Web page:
Today we finished our early church history subject (33-451AD). Here are some of the big ideas from the course. It’s taught by Rhys Bezzant, who’s also starting up the Jonathan Edwards Centre Australia.
All aboard for post-Christendom
The world has changed already. The Western church can no longer count on the state for moral support. We no longer have majority representation. In fact, the world is looking a lot like the world of the early church — and more than ever, we need to learn the hard lessons of the church’s first 300 years. It’s not easy being obscure, dealing with internal bitching, and doing mission in a world of opposition.
Welcome to your post-Christendom future. Please find the church history guidebook included with your boarding pass. Millions of majority-world Christians eagerly await your arrival.
Sometimes we try to divide up the activists and the thinkers. Growing the church and doing theology are kind of different, aren’t they? But the story of church history is that both must be integrated. Doing theology doesn’t stifle activism but fuels it, because it makes the growth take root and last long. Real world-change happens when the church has a healthy heart and mind.
Let’s get physical
There are some things that the Western church is pretty confused about. We are so caught up on ‘going to heaven’, so inclined towards leaving the world, so stressing the difference between matter and spirit that we’ve been confusing the meaning of the gospel. Those ideas have got more to do with Platonism and Cartesian dualism than anything else.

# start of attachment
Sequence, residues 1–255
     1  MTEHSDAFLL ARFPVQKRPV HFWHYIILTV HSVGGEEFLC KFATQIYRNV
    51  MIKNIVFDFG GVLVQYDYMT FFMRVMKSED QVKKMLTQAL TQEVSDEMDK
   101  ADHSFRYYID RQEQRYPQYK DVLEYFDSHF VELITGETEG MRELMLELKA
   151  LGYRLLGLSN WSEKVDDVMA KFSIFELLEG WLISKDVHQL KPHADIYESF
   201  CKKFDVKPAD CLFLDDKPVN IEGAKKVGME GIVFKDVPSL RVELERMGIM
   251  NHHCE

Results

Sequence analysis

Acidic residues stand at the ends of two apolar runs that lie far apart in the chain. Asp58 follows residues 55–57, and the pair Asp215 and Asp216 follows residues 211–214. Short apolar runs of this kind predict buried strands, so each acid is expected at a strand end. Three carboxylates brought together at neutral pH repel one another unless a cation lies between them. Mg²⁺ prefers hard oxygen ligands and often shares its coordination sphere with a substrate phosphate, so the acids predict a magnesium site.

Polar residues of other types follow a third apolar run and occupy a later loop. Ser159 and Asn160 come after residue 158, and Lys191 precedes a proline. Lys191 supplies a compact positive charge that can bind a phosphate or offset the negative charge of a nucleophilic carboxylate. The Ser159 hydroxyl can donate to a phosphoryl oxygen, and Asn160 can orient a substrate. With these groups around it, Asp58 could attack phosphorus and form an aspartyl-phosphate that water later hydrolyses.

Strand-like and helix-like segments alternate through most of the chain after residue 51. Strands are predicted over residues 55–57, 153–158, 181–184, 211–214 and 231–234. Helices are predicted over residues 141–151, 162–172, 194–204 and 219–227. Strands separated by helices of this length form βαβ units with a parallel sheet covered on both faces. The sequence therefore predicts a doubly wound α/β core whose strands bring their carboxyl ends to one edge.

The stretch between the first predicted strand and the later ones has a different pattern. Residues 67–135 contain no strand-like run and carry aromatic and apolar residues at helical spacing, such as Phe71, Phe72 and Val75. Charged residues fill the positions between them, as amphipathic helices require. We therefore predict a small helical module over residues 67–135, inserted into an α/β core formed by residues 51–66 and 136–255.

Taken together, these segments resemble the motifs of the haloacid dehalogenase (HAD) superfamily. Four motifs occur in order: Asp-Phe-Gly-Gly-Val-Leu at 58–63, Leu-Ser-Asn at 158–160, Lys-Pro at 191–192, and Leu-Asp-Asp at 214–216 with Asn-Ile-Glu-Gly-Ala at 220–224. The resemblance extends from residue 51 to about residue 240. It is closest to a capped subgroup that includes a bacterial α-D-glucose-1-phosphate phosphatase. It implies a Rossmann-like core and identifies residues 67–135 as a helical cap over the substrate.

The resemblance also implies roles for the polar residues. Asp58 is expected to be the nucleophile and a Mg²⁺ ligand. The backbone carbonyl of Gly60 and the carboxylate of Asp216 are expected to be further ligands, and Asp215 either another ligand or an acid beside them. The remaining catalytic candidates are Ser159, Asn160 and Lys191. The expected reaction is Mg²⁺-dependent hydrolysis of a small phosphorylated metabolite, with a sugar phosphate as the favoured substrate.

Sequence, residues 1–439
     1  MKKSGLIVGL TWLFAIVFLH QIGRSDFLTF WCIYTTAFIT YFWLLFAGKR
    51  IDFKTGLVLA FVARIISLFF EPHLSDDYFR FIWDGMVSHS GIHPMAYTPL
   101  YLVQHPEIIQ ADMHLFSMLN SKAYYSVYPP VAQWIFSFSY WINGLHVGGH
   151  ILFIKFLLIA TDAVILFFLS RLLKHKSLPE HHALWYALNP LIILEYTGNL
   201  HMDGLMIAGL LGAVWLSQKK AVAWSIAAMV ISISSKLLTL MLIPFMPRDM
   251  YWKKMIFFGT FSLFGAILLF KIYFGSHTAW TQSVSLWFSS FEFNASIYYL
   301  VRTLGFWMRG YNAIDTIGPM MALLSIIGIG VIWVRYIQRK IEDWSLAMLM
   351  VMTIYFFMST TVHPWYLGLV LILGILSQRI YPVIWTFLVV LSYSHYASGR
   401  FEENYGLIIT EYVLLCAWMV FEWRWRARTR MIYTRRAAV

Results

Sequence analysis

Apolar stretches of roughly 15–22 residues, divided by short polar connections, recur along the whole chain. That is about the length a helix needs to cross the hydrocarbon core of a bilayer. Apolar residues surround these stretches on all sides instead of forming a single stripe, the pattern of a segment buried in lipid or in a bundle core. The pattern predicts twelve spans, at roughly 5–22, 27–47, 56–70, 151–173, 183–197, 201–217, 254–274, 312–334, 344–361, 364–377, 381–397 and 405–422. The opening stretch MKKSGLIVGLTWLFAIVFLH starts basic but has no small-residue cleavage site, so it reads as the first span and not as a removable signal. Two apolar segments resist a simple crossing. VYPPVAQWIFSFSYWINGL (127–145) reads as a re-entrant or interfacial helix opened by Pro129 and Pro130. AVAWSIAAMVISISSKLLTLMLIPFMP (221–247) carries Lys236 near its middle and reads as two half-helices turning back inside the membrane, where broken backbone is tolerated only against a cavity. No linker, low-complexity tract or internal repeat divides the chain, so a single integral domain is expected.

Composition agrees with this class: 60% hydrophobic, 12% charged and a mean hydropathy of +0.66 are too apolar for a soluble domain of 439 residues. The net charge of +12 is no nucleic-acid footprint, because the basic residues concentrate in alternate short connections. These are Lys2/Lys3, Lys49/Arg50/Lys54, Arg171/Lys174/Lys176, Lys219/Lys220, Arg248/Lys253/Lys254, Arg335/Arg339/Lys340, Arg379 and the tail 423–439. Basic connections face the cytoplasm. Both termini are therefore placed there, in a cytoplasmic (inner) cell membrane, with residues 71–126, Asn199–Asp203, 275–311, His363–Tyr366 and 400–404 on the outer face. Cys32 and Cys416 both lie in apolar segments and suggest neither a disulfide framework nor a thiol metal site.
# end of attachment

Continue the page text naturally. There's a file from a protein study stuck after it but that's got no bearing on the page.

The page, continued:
‘Heaven’ is not the abolition of the physical realm but the final arrival of God’s city on Earth. God doesn’t ‘save souls’ but begins a process of redeeming and transforming his people to be new creations in Christ. Indeed, we do not have souls; we are souls, and all those in Christ are headed towards a thoroughly physical and embodied existence in God’s new Universe. The important distinction is not between Heaven and Earth but between Creator and created.
Turning down the white noise
Doctrine is superficial. After all, doctrine never saves anyone. Right? Well, maybe you can maintain this if you’re fixated on individual salvation and divvying up who’s saved. But if we care about the community and the future, as the first Christians did, then doctrine matters.
Without right doctrine, we’re in danger of misinterpreting Christian experience and the world, and not just passing on the mistakes but compounding them. When truth is off duty, our spiritual IQ bottoms out in no time. Never mind the individuals — whenever the community of Christ gets things wrong, the loser is the whole next generation. On the other hand, getting doctrine right means we stop error from running loose — it’s about turning down the white noise and the Chinese whispers so that we can pass on the truth to the next generation.
This starts with the idea of the Trinity, the ‘Great Tradition’ found in the historic Christian creeds. The creeds don’t try to outline everything it means to be Christian, but that’s not the point. The Trinity is the foundation of everything else. You might even say that it’s the only tradition that matters. Without it, the things we try to grow will just bleed out.
Arthur Davis is an Aussie living in Tanzania, writing at meetjesusatuni.com.